Looks like Senator Sessions (R-AL) thinks that if he keeps saying over and over that Judge Hamilton is too radical to be a circuit court judge, it will somehow come true.

At the Federalist Society Convention today Sessions said:

“… Hamilton’s record, I think, is troubling, as I’ve just indicated. He worked for ACORN, was a litigation director for the Indiana ACLU. He has endorsed the notion that a judge’s job is to, quote, ‘write footnotes to the Constitution.’ I’m not sure — if they had a convention that he could participate in, maybe he could write some of the Constitution … And why did I mention Hamilton? Because Judge Hamilton was President Obama’s symbolic first pick to the federal bench. And one White House official said that that nomination would, quote, ‘set the tone for the future.’”

Needless to say, Sessions doesn’t think the tone set by United States District Court Judge David Hamilton’s nomination to the Seventh Circuit Court of Appeals is good.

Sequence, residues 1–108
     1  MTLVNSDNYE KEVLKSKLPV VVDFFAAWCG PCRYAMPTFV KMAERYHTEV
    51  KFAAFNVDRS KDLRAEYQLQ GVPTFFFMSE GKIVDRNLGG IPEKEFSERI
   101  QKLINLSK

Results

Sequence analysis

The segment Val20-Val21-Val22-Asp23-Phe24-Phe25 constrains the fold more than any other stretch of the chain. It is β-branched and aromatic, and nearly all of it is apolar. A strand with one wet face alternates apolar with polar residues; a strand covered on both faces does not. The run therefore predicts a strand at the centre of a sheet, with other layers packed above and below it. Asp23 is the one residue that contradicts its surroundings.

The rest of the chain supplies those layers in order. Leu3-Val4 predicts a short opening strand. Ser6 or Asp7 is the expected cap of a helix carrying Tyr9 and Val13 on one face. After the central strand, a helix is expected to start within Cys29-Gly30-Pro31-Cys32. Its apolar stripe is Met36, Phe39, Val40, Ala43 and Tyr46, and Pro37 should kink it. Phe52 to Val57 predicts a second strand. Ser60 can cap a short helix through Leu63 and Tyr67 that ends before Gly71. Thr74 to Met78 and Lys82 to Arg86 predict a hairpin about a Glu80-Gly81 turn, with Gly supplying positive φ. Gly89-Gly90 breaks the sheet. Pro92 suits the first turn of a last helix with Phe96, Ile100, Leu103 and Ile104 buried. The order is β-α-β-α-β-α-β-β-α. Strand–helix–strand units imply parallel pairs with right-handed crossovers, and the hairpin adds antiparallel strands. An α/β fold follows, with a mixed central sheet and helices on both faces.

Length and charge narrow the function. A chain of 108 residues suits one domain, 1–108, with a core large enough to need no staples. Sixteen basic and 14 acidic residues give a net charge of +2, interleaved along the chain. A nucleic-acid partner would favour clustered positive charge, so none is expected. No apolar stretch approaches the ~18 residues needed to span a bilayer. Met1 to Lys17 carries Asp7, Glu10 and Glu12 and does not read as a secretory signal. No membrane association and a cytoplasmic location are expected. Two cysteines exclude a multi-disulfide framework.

Sorry, Senator, but Hamilton has a record that shows him to be a highly qualified nominee who will uphold the Constitution and the law to provide equal justice for all. Judge Hamilton has the backing of both his home state senators, Republican Richard Lugar and Democrat Evan Bayh. Moreover, the American Bar Association gave him its highest rating of well-qualified. And, we would be remiss if we didn’t note that local conservatives who actually know him think he’s a stellar choice. Geoffrey Slaughter, President of the Indianapolis chapter of the Federalist Society, praised Hamilton’s nomination observing, “I regard Judge Hamilton as an excellent jurist with a first rate intellect . . . His judicial philosophy is well within the mainstream.” It doesn’t get much better than that.

The obstruction of the Obama administration’s judicial nominees by Senator Sessions and others on specious charges like those leveled today is why there are 96 vacant seats on the federal courts. It appears that Judge Hamilton’s nomination will finally go to the Senate floor for a vote next week. It’s long past time for the Senate to vote on these nominees.

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